High season for sea cucumber harvesting in Liaoning

(Xinhua) 16:15, November 03, 2022

DALIAN, Nov. 3 (Xinhua) -- At dawn, Lyu Dapeng skillfully put on a diving suit, carried an oxygen tank and jumped into the sea to start his work searching for sea cucumbers on the seabed at an aquaculture farm at Wangjia Island, northeast China's Liaoning Province.

"This year's climate is suitable for sea cucumber growing. It is a bumper year," said the 36-year-old diver as he picked up a sea cucumber with a plump body and big thorns.

Lyu fished out more than 50 kg of sea cucumbers in a half-day of work. He said divers earned 16 yuan (about 2.2 U.S. dollars) for a kilo of cucumber. Lyu can earn more than 800 yuan a day.

The sea cucumber cultivation boomlet has brought wealth to locals in this coastal area. Sea cucumbers can grow big in the cold water in the northern part of the Yellow Sea. Sea cucumbers in this area live at a depth of 20 meters and are harvested every spring and autumn.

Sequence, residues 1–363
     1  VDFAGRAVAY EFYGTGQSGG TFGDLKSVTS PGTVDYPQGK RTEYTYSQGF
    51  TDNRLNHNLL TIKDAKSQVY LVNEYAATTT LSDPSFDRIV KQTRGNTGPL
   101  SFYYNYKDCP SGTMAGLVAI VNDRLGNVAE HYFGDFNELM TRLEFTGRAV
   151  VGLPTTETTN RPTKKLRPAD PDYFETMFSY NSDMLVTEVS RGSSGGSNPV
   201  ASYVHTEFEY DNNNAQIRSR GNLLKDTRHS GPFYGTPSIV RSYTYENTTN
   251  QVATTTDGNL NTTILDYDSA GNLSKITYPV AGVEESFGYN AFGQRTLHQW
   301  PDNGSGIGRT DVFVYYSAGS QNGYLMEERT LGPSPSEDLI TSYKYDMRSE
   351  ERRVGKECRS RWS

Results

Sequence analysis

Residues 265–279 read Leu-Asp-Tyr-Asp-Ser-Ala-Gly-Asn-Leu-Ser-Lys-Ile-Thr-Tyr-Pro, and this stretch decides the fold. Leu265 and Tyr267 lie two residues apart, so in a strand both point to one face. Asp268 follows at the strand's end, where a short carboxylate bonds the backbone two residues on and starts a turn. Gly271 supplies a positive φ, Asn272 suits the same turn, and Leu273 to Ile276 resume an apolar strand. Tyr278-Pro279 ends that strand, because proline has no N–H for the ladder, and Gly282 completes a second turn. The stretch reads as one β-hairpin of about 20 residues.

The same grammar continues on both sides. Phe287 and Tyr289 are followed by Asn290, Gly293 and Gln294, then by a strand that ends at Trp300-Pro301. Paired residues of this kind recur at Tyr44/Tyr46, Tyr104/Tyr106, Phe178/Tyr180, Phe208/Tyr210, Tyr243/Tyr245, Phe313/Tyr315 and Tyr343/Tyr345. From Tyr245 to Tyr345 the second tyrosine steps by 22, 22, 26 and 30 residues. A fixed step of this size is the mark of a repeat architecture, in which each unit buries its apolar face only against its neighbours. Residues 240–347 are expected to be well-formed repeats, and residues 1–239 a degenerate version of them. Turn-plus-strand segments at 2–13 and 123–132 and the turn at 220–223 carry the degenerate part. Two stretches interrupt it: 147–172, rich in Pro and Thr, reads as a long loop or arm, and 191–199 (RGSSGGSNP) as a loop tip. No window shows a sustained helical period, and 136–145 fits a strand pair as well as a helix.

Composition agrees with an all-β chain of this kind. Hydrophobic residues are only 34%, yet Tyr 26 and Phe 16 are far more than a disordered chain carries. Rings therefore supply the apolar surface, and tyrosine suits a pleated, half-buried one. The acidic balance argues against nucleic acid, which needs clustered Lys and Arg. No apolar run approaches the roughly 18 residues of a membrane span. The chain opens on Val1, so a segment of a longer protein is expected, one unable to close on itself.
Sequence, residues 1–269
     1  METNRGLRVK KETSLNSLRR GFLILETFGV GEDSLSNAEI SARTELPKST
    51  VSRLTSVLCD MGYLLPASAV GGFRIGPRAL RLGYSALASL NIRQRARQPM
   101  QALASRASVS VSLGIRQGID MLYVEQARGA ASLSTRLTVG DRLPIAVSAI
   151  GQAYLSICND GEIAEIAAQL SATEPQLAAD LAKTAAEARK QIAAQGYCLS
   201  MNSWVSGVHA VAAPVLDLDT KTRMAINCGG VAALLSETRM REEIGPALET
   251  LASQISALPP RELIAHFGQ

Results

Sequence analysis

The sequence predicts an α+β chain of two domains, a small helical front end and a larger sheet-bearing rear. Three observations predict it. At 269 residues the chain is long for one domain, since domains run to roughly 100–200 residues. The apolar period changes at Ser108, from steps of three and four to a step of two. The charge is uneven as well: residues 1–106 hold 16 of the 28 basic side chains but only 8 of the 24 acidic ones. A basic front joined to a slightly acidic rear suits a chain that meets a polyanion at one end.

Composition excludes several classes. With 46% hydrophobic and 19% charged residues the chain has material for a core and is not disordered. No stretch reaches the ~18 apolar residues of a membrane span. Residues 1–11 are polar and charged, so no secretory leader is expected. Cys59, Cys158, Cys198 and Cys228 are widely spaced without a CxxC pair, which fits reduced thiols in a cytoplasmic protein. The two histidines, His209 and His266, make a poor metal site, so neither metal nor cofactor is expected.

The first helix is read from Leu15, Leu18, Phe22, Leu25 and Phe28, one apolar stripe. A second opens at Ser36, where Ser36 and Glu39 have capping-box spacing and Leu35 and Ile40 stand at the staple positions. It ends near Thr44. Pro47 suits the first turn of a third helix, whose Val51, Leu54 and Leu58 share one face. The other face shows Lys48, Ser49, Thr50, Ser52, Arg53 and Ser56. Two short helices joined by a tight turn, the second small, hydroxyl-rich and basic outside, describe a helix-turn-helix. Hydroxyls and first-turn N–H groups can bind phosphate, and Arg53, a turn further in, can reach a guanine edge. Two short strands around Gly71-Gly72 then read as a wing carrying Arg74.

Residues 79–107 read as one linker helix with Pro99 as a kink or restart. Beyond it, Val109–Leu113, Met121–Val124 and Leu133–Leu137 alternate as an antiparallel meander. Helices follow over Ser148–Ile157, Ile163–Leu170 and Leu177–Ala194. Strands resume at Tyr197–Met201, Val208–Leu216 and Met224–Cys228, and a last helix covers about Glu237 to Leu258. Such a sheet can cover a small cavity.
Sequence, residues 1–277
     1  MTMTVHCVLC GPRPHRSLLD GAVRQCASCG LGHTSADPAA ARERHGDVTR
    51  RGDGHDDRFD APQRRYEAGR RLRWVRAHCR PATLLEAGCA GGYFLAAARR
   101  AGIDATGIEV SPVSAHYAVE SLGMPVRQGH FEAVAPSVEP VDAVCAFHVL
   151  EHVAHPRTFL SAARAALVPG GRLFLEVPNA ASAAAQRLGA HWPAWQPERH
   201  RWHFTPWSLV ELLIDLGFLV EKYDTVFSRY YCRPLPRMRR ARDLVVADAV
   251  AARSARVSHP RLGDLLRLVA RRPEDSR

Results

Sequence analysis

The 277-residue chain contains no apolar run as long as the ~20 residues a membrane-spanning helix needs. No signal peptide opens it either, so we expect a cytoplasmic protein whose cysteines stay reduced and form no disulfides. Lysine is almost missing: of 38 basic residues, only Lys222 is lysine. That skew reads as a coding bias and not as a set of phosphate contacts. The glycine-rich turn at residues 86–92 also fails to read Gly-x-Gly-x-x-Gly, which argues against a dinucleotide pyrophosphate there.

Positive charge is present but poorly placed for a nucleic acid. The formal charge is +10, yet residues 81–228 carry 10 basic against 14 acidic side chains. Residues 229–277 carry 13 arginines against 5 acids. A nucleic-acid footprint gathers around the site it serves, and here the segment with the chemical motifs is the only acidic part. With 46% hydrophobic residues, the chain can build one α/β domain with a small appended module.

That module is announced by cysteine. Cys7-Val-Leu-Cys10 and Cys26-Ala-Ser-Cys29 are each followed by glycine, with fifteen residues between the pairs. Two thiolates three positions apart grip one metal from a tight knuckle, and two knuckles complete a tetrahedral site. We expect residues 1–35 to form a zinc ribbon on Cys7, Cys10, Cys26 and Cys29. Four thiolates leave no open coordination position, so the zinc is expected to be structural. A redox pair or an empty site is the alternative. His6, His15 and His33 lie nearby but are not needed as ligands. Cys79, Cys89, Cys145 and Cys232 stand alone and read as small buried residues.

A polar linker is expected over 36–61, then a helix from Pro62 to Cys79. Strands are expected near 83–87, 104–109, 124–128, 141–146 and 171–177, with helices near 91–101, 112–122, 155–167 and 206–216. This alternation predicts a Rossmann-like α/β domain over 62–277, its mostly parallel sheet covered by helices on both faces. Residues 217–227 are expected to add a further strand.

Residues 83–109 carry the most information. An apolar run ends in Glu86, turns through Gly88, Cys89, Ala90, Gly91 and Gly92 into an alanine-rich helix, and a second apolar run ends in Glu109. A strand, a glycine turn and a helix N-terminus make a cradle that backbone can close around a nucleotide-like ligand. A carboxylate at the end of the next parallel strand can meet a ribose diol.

Sea cucumbers are considered nutritious food and are made into pricey delicacies valued in Chinese cuisine, and thus have high economic value.

Sea cucumbers brought ashore are immediately taken to factories for processing to keep them fresh or for them to be dried.

Zhuanghe City, which administrates Wangjia Island, is aiming to become a "blue grain barn" through the development of marine aquaculture. Located on the Liaodong Peninsula, it enjoys a sound ecological environment.

The city's fishery and aquaculture area reached 838,000 mu (55,867 hectares) in 2021, when the total output of aquatic products amounted to 573,400 tonnes, with an output value of 10.23 billion yuan.

Currently, the sea cucumber harvest is about to peak in Zhuanghe. From there, boxes of packed sea cucumbers are sold nationwide to enrich people's dining tables.

(Web editor: Cai Hairuo, Liang Jun)


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